Many people write which when it should be that and vice versa. It’s not the end of the world if you get it wrong because the reader might still understand you, but the meaning of the sentence could change drastically if you do.
The two words represent different clauses. The pronoun that is appropriate to restrictive clauses while which, usually preceded by a comma, is about non-restrictive ones. A restrictive clause is one that limits, or restricts, the scope of the noun it is referring to as opposed to a non-restrictive one.
The following examples, giving instructions on how to get to a certain house, show the difference between restrictive (that) and non-restrictive (which) in more detail.
“Go to the third house that is red and knock on the door.”
“Go to the third house, which is red, and knock on the door.”
In the first example, the meaning is restricted to a house of a certain colour. Not only that: you need to count the first two red houses down the road before you come to the third one. Because your instructions are so specific, you may end up walking past rows of buildings before you get to the right house.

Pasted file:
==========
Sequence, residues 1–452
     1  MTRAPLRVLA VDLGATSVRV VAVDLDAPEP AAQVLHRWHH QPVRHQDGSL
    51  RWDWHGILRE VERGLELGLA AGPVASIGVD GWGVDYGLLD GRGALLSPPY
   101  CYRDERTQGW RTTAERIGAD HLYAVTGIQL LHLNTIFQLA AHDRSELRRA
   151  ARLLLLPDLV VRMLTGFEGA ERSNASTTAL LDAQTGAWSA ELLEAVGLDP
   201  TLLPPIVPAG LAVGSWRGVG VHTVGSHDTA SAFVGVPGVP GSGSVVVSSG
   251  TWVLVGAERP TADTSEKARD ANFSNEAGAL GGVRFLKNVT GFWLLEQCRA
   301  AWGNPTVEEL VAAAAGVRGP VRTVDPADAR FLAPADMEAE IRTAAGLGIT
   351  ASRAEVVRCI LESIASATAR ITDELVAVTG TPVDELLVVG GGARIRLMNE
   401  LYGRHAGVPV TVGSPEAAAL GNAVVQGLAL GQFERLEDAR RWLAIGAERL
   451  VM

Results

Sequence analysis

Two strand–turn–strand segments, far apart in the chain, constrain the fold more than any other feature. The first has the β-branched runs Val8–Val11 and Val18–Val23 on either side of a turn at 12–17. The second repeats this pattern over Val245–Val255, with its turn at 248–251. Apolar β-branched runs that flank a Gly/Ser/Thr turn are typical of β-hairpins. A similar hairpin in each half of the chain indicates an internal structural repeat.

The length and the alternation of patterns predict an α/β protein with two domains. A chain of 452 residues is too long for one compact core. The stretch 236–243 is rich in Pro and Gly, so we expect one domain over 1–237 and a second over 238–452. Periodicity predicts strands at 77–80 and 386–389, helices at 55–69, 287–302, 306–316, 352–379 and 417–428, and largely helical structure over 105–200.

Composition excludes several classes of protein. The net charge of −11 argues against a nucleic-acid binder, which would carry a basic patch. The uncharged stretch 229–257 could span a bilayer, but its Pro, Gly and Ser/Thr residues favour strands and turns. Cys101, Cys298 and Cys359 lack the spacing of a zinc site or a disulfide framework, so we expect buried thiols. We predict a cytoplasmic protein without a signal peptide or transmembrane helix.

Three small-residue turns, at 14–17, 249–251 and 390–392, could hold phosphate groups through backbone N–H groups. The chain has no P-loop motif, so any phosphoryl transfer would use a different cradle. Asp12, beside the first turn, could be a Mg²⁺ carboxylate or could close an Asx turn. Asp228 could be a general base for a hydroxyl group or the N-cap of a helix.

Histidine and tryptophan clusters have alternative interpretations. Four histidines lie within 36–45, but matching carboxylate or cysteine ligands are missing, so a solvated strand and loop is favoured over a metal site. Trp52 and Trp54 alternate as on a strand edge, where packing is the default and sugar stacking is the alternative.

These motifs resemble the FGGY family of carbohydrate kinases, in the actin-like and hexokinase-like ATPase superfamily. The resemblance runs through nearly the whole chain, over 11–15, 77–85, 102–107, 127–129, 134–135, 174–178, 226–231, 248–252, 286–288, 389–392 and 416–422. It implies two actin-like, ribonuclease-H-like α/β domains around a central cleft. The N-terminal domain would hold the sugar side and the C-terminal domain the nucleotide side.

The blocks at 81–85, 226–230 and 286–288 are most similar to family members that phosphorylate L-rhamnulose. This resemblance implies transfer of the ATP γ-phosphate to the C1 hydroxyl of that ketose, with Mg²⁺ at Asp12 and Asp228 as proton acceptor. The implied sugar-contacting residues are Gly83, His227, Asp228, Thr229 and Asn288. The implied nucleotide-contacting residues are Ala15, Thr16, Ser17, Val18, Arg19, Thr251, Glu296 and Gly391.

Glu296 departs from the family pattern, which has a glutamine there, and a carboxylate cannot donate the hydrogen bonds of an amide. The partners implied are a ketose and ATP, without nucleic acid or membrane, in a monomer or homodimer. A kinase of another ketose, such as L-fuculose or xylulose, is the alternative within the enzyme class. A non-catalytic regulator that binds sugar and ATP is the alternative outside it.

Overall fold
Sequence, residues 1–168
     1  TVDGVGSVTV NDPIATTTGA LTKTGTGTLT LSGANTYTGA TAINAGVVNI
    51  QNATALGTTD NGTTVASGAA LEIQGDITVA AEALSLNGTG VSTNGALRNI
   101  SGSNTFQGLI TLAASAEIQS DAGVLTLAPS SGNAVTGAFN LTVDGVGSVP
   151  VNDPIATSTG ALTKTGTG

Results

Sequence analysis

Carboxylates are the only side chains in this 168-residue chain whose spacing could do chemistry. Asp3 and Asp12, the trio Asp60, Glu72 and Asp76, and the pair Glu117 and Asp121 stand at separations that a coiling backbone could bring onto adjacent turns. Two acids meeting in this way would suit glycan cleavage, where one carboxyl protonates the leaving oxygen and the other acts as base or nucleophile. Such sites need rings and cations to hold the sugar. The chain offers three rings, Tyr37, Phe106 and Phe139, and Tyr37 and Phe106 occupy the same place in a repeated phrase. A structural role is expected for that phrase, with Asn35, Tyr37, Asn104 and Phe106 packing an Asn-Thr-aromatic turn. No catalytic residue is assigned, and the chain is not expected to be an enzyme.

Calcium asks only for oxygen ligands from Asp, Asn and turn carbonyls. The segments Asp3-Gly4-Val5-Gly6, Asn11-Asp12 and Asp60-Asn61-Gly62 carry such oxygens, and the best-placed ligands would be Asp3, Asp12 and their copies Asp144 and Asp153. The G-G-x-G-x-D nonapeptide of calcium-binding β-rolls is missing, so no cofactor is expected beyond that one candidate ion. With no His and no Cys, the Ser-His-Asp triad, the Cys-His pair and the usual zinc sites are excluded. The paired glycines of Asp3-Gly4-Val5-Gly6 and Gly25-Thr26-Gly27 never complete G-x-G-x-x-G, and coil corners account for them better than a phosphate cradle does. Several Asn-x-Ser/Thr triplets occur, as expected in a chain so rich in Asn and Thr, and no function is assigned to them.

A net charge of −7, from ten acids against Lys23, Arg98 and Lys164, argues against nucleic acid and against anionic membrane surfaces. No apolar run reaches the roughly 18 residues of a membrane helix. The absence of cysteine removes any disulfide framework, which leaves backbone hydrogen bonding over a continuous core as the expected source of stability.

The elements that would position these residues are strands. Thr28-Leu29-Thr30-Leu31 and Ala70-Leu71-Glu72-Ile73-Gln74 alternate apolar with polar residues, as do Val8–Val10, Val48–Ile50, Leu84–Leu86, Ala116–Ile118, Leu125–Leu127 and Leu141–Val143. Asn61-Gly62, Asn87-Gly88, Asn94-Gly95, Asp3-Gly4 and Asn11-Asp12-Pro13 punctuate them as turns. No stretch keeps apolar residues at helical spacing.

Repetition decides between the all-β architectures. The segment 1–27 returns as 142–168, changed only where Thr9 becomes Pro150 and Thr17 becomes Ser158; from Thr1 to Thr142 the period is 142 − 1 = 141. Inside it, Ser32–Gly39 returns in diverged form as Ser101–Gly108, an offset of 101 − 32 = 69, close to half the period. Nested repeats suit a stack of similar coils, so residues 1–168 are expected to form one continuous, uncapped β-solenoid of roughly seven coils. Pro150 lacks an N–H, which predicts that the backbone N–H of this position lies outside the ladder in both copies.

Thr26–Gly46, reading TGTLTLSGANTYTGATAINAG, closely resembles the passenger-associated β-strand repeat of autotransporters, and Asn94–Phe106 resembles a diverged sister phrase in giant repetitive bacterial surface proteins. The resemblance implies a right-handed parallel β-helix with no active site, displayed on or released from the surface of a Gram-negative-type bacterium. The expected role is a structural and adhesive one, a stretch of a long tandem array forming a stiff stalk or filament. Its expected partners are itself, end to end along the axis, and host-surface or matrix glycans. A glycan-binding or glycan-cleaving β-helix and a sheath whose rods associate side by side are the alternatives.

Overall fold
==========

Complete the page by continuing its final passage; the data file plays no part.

In the second example, the clause is non-restrictive. It doesn’t limit the scope of the noun. Here you simply stop at the third house, which happens to be red. The colour is an additional piece of information, which is helpful but not necessary to know. The clause “which is red” can actually be taken out and you’d still arrive at the house in no time.
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